What are the symptoms of polyneuropathy?
The onset of symptoms in polyneuropathy can be sudden or, on the contrary, slow and progressive.
Usually the limbs and extremities are the first areas to be affected. One speaks of distal polyneuropathy in particular when the disease affects the foot nerves. It is the most common complication of diabetes. The clinical manifestations that are usually found are:
- muscle weakness;
- loss of sensitivity;
- pain with burning sensation or electric shock;
- loss of sense of vibration and position;
- a loss of thermal sensitivity (the subject no longer feels hot and cold);
- a loss of pain sensation common in diabetic polyneuropathy. It leads to injuries, burns, open wounds caused by sustained pressure and other trauma. It is also the cause of many skin diseases that are complicated without the patient noticing it. The loss of pain sensitivity can also lead to joint damage called neurogenic arthropathy (Charcot joints);
- walking and standing instability;
- an inability to determine the position of the arms and legs in space;
Eventually, the muscles will no longer be stressed enough, leading to:
- muscle wasting (amyotrophy);
- muscle stiffness;
- muscle contractions.
Polyneuropathy can affect the nerves of the autonomic nervous system, which controls involuntary bodily functions (such as blood pressure, breathing, heart rate, digestion, salivation, and urination).
Characteristic symptoms are:
- sexual dysfunctions;
- dry mouth and halitosis (bad breath);
- Fluctuations in blood pressure (particularly responsible for orthostatic hypotension);
- sallow, dry skin from reduced sweating;
- loss of sphincter or bladder control leading to fecal or urinary incontinence;
Individuals suffering from hereditary polyneuropathy often have physical deformities such as:
- hammer toes;
- hollow feet;
- a hunched back (scoliosis);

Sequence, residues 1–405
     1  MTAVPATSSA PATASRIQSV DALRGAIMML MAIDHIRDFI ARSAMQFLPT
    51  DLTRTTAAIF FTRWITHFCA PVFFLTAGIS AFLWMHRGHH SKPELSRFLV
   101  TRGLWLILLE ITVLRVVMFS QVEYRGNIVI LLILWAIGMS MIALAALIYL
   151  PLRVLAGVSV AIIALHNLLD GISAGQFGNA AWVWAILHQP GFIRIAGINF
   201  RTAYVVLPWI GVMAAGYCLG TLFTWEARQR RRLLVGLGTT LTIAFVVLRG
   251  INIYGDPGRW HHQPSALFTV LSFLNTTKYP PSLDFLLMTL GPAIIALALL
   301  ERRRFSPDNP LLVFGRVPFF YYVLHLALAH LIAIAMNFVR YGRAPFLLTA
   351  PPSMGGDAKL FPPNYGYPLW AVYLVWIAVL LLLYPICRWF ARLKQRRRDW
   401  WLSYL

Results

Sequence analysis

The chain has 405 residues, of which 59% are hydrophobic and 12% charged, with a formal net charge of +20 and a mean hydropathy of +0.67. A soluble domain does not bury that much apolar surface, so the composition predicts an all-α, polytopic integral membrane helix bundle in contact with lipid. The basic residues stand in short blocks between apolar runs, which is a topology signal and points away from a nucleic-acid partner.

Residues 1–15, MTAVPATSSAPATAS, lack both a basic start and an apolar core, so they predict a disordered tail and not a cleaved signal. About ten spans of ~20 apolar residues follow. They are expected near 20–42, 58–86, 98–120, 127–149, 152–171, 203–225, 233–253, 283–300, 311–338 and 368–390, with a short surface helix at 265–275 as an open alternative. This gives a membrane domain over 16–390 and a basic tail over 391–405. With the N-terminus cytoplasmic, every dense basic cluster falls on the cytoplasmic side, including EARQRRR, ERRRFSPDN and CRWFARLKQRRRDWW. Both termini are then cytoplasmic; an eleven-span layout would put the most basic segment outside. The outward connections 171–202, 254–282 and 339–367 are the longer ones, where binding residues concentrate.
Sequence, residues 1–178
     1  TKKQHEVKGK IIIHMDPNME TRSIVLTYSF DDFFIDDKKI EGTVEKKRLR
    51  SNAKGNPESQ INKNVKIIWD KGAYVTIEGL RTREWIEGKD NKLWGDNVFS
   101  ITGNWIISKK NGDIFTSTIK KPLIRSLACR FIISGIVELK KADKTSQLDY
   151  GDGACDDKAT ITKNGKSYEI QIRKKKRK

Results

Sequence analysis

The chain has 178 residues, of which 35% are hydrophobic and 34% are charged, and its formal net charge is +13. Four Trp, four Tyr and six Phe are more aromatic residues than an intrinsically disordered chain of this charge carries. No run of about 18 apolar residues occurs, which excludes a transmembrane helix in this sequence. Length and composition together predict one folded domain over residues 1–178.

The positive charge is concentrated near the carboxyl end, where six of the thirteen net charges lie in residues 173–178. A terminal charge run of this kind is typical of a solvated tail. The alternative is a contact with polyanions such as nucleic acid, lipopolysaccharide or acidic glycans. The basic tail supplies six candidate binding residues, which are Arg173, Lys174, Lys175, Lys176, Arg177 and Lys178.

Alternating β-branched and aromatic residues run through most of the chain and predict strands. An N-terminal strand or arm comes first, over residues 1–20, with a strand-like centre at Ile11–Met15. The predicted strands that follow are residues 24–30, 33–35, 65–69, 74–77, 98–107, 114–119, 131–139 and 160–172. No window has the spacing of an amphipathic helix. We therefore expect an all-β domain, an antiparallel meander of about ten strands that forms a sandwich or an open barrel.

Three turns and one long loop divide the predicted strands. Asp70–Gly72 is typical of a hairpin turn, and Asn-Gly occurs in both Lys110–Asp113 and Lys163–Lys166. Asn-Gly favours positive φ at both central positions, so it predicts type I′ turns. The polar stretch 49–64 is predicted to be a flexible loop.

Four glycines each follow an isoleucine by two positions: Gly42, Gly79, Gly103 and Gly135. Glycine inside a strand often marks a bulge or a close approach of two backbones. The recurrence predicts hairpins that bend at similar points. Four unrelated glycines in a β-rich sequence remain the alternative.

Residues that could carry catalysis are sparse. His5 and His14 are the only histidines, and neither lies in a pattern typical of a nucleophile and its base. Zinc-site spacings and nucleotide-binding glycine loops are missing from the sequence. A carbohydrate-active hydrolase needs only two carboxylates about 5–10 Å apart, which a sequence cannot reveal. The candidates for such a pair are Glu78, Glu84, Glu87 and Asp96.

What are the treatments for polyneuropathy?
Treatment of polyneuropathy begins with the underlying cause such as diabetes, an autoimmune disease, exposure to toxic substances or medications.
Management also consists of reducing pain and optimizing patient mobility and quality of life through medication, physical therapy and occupational therapy.
Treating the cause
The specific treatment for polyneuropathy depends on the cause:
The patient must take care of his lifestyle and take the prescribed treatments (hypoglycemia and other oral antidiabetics, insulin, etc.). Blood sugar should be controlled and stabilized to reduce the risk of polyneuropathy worsening.
Multiple myeloma, liver or kidney failure
Treating these disorders can result in a slow recovery.
Surgical removal of the tumor, chemotherapy/radiation therapy can reduce neuropathy.
The patient must ensure a healthy lifestyle and sufficient iodine intake. Thyroid hormone is administered.
Treatments may include corticosteroids, immunosuppressants, plasmapheresis, and intravenous immunoglobulin.
For medicinal or toxic causes
The causative drug should be stopped as soon as possible, or exposure to the toxin should be avoided. Antidotes are available for some drugs and toxins, which can reverse some toxic effects.
To relieve the pain, the doctor may prescribe:
- analgesics (paracetamol);
- opiates (codeine, morphine);
- Anti-inflammatories (NSAIDs, corticosteroids).
Certain medications that aren’t typically considered pain relievers can relieve pain from nerve damage.
These include the antidepressant amitriptyline, the anticonvulsants gabapentin and pregabalin, and mexiletine (used to treat abnormal heart rhythms).
Lidocaine (an anesthetic applied as a lotion, ointment, or skin patch) may also be prescribed.
Maintaining mobility and quality of life
Physical therapy sometimes reduces muscle stiffness and can prevent muscles from shortening and stiffening. A consultation with a physical therapist and/or an occupational therapist may be recommended to improve the patient’s mobility and quality of life.